Tuesday, November 17, 2009


You would think I would know better. After 38, going on 39 years of being my dad's daughter. But no, I am an idiot.

Just one week before the big wedding in Indiana, I got all psyched up about our Presiding Bishop being in town (at my church!) and I sent off a message, with a link to the Sac Bee article which covered her visit, to some close friends and to my family members. The subject line read: "Our fabulous Bishop!"

And what was my dad's response? A scathing message back about how "scary" she is as a leader and "how could his own daughter's Christian faith have gone so awry?" Which was followed up by multiple phone calls today (he goes weeks without talking with me and THIS is the reason that he actually attempted to track me down?) and two more nasty emails which detailed what a *problem" she is as a leader and once again, how could I possibly call myself a Christian?

To that last question, my response was: "Oh, let me just count the ways. Let's start with communion. EVERY single Sunday. Liturgy. Prayer. Baptism. And lest we forget, that age old book that we ALL study: the Bible.

But beyond that, to me, Christianity carries a certain sense of responsibility to our community. Like feeding the hungry. Check. Housing the homeless. Check. Taking care of our neighbor. Check.

Check. Check. Check. Check. Check. Check. Check. Check. CHECK.

I'm embarrassed to write the full scope of what my dad put in the email. It's intolerant, narrow-minded and downright wrong. It's nothing I would ever want Ben to know about. There wasn't a hint of compassion, love or understanding in his messages.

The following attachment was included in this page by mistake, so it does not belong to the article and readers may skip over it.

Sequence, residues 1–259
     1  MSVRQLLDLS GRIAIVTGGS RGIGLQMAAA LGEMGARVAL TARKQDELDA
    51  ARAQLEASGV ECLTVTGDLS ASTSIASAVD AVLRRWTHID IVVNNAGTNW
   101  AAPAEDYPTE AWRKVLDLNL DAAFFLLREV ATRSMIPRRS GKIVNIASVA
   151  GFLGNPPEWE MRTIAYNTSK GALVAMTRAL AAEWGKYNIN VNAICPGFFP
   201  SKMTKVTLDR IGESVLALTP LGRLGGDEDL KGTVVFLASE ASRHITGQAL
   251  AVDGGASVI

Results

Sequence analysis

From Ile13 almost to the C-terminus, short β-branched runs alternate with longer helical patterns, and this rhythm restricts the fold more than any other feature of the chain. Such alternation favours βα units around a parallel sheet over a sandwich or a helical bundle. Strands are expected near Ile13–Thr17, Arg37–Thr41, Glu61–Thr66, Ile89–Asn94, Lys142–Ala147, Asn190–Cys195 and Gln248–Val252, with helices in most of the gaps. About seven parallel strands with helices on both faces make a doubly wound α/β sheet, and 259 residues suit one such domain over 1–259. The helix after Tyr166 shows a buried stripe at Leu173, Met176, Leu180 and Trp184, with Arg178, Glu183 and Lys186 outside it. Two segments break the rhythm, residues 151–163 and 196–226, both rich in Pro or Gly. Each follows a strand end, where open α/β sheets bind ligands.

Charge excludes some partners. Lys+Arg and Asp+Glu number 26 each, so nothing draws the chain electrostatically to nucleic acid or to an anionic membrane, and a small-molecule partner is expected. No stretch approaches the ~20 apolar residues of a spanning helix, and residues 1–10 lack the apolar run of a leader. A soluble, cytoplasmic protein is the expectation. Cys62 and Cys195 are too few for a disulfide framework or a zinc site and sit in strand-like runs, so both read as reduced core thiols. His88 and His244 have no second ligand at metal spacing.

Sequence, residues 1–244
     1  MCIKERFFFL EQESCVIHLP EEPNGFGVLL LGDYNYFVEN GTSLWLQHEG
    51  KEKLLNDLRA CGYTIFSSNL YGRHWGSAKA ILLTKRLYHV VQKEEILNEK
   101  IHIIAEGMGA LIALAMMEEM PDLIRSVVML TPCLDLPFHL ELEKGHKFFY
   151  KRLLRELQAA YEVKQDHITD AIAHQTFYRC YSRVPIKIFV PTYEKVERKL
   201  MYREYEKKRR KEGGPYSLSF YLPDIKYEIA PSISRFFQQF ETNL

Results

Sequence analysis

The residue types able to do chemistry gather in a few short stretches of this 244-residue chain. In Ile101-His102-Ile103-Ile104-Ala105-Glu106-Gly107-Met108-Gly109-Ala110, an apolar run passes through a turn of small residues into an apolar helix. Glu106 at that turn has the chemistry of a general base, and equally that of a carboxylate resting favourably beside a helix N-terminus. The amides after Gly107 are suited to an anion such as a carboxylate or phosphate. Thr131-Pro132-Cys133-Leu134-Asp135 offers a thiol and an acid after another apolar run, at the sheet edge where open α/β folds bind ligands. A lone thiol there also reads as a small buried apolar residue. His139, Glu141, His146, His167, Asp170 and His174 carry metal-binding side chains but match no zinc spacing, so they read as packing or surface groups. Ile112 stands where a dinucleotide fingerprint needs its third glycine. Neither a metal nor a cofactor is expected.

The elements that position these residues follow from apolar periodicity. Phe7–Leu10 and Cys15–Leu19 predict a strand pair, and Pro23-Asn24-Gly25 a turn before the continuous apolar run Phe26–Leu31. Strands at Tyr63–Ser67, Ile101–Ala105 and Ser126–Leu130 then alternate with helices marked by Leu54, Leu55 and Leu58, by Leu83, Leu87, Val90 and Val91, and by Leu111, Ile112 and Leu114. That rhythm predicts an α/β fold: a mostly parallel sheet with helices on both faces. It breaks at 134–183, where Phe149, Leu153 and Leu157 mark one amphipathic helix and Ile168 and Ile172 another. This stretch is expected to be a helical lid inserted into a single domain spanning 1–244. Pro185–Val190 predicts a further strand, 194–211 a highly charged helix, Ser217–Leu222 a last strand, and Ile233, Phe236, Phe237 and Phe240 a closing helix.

I don't know what I was thinking when I sent the link to him. Oh wait, yes I do. I was thinking, actually, I was reveling in the experience of being with our Bishop. I wanted to share the details with anyone, everyone. I wanted everyone I care about to be sitting with me in church during her message. It was that powerful.

Every child looks for validation from their parent/s. Even when the child is 38 years old. Of course I want my dad to approve of my choices - how I raise Ben, how I make money, whom I choose to date, how I experience faith and spirituality. But once again, he disappointed me. This time around though, I'm not taking that disappointment to heart. It's kinda helpful to look at him like a neanderthal; like someone who cannot even try to be evolved. And then it makes me feel that much MORE evolved.

He thinks we're going to have this great "sit down" in Indy; he's told me he'll pull out the book of John and show me the error of my ways. Good thing I have an ally in my lovely sis. Somehow, an incredibly big job involving tons of bows and candles and I-don't-know-what-else has materialized and my name is all over the task. I'm assured that it will take the better part of two days so any talk of religion will just have to wait until the next family get-together. Which happens to be next week: Thanksgiving. I don't care if I have to pluck the feathers off the turkey to keep busy, I am SO. NOT. HAVING. THIS. CONVERSATION. WITH. HIM.

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